Jacobs Puts Indians Up for Sale
CLEVELAND (AP) _ Owner Richard Jacobs put the Cleveland Indians on the market Thursday, hoping to find someone willing to keep the team in town and its reputation intact as one of baseball’s hottest properties.
``Let’s put it this way: I want to have a say in passing the torch,″ the 73-year-old Jacobs said. ``I don’t want an executor of mine to say, ’Well, Jacobs, he has no hand from the grave, he can’t do anything on this. Let’s make up our decision, who should be the owner of this team.‴
Jacobs, the Indians’ chairman, president, CEO and controlling stockholder since buying the laughingstock team with his late brother, David, for $45 million in 1986, said he decided a few weeks ago it was the right time to sell.
``It’s shocking,″ said Indians fan Selwyn Powell of Cleveland. ``I never, ever, ever thought this would happen. Not with the run they’ve had.″
Just 3 1/2 years ago, Browns owner Art Modell moved Cleveland’s beloved National Football League franchise to Baltimore. Only now is the sports-crazed city recovering from that as it welcomes back the new Browns, who start play this fall.
The Indians aren’t leaving, Jacobs said, seeking to reassure fans. ``Don’t worry,″ he said. ``This team’s not going anywhere. We have a lease for 15 more years. And anyway, who would want to move a team like this? We’re in a ballpark that has sold out 308 straight games. Moving is out of the realm of speculation.″
Several Cleveland-area candidates were among the bidders for the new Browns last year, and their names immediately came up as speculation began about who could buy the Indians.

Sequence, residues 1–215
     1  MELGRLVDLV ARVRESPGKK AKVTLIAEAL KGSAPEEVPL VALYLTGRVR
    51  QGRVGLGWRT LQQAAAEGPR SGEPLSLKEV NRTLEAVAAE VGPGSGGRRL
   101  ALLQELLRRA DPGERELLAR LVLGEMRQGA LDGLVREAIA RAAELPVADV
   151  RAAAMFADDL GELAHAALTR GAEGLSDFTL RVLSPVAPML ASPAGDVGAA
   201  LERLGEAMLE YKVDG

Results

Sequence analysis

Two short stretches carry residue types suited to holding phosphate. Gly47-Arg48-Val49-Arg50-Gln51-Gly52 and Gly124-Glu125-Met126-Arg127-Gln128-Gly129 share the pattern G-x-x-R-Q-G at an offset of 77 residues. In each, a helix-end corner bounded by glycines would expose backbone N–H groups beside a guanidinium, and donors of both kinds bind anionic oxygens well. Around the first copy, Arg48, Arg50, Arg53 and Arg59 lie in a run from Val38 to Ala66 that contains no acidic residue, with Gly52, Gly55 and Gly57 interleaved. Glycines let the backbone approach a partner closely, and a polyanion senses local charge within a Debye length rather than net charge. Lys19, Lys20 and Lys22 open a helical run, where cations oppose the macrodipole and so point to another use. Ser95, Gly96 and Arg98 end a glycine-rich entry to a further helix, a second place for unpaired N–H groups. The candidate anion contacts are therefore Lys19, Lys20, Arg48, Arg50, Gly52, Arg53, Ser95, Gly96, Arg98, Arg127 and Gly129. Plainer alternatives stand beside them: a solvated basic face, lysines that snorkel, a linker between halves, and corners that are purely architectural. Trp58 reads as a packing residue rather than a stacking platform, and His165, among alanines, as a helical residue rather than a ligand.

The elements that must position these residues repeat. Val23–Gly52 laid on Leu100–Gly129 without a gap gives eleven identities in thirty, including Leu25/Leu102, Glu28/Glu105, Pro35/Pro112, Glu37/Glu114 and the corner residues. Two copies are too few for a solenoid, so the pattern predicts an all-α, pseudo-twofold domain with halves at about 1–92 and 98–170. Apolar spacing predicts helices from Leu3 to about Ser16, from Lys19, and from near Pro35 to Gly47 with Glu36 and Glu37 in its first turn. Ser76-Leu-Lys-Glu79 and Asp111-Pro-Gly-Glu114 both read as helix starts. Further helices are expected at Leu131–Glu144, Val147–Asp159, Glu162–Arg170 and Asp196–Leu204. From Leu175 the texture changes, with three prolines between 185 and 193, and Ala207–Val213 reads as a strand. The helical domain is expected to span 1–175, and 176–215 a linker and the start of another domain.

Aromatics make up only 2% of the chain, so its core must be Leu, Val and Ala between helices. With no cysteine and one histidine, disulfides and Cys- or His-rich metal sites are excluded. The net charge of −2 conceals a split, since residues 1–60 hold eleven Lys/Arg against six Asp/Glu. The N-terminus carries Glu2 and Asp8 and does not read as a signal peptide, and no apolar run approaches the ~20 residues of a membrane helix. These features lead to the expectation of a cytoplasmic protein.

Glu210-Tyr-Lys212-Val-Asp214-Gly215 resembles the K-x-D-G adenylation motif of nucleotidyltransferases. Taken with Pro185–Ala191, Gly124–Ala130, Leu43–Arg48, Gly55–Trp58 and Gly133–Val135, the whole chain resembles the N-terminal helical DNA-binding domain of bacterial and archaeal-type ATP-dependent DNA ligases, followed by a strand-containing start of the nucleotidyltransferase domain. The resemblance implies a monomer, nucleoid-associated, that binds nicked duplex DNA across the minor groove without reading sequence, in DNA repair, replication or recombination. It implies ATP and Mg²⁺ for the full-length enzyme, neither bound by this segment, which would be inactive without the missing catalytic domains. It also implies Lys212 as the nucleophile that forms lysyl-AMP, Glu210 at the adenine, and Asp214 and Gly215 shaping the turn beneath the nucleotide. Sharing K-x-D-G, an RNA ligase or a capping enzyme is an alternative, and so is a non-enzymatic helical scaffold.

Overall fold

But even potential suitors were caught off-guard by the Indians’ sudden availability.
The sale ``is a real surprise,″ said local lawyer Larry Dolan, who with his brother Charles, chairman of Cablevision Systems, unsuccessfully bid for the Browns. The Dolans also have tried to buy the Cincinnati Reds, New York Yankees and the NFL’s Washington Redskins.
Jacobs said the team’s board of directors hired two investment firms, Goldman Sachs Group Inc. and McDonald Investments Inc., to identify potential buyers for the 99-year-old franchise.
Jacobs said he wants any prospective owner to be ``somebody committed to baseball and committed to Cleveland″ and that any sale would not be finalized until after this season.
He would prefer any potential owner or ownership group to be from the Cleveland area, and insisted that if the right offer didn’t come along, he would take the Indians off the market.
With the price for major sports teams skyrocketing _ the Redskins sale for $800 million is pending _ Jacobs understands that now may be the perfect time to sell.
``If the Redskins can command $800 million, the Indians should bask in that also,″ he said.
Last June, the Indians became the third pro sports team, along with the NHL’s Florida Panthers and NBA’s Boston Celtics, to offer stocks to the public. The club sold about four million shares at $15 per share, a move which raised about $60 million for Jacobs.
Jacobs said he has turned a healthy profit from his initial investment in the team and that the Indians, whose net revenues in 1998 were $144.6 million, are ``making money, very good money.″
The team’s stock soared $6.31 1/4 to $16.25 in trading on the Nasdaq stock market on the strength of the announcement.